Friday 7 August 2020

Ringing related

Janet and I set some nets up at Druridge this morning to catch and ring birds. An early start at this time of year is required as the birds tend to go quieter mid morning when it warms up. It was already T shirt temperatures at 5am!

We caught steadily until 10am when it tailed off and we were packed up shortly after 11. We caught 46 'new birds', re-trapped eight birds and controlled one bird. 

We mostly caught warblers and they were mostly this years young and were mostly Willow Warblers. The first bird that we caught was a juvenile Lesser Whitethroat, I caught a female with a brood patch back in June so I presume this juvenile was one of hers. Willow Warblers were still singing and that was reflected in the fact that we caught 14 in total including this bird which was already ringed but with a French ring. It was an adult, but really fresh having almost completed its main moult. We'll wait with interest to hear back from the French ringing scheme.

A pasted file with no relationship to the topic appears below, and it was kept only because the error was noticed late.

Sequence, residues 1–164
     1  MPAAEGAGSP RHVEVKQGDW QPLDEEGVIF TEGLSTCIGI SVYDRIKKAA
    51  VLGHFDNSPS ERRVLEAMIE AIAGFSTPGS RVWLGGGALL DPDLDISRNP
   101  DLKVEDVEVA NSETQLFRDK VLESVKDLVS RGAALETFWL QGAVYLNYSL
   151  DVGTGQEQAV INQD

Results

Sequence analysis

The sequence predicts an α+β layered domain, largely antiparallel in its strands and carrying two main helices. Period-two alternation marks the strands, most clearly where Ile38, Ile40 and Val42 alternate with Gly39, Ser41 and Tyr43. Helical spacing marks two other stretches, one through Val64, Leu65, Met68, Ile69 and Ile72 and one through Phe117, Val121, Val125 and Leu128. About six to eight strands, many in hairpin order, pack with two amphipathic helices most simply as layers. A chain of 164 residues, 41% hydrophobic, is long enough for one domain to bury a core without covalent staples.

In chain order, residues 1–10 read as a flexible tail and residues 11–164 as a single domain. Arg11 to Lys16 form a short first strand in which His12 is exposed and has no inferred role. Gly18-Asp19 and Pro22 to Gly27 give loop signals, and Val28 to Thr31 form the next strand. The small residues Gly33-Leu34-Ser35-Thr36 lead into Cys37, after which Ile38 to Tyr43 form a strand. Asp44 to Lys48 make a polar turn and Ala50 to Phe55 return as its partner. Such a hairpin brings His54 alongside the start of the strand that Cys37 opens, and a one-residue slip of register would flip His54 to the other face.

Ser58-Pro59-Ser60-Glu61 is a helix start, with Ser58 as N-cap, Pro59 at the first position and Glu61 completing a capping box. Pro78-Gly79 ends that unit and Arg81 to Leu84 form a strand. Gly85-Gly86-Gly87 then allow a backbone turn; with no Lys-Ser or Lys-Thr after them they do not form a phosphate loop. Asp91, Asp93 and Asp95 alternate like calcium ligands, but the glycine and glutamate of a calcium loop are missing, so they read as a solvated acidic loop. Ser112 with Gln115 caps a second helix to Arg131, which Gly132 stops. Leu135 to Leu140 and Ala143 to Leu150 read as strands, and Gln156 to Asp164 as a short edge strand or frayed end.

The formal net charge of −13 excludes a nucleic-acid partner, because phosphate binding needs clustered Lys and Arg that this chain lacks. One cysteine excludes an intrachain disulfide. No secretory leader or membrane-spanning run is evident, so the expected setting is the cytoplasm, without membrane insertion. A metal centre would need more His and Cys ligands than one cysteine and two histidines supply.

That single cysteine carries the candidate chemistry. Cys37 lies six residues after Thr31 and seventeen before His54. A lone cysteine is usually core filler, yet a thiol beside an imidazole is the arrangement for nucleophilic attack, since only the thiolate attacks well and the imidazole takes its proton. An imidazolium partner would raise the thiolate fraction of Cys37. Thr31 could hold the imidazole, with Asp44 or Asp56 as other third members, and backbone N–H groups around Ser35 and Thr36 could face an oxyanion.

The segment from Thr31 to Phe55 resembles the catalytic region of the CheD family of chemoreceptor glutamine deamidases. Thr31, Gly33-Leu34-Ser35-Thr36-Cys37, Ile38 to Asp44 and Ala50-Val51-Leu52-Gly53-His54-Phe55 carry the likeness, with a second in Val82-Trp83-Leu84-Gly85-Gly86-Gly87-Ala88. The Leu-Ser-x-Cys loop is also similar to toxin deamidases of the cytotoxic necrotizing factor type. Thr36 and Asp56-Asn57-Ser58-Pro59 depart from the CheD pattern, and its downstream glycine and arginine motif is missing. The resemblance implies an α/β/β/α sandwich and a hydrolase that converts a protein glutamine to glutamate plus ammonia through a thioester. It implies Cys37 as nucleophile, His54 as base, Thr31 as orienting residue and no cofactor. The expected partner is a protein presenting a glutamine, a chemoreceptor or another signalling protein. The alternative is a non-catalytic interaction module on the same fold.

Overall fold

French-ringed Willow Warbler

 Interestingly we didn't catch any Sedge Warblers but they are still around. A single Reed Warbler was carrying a lot of fat indicating it was on migration.  We caught a few of Robins and Wrens which we were sure were all local birds.  A sign that autumn is here was a Redstart - a lovely adult male that was just completing his main moult. 

Male Redstart
Male Restart showing tail

A Cuckoo was seen in flight when I arrived and  I noted a lot of Swifts heading south at first light.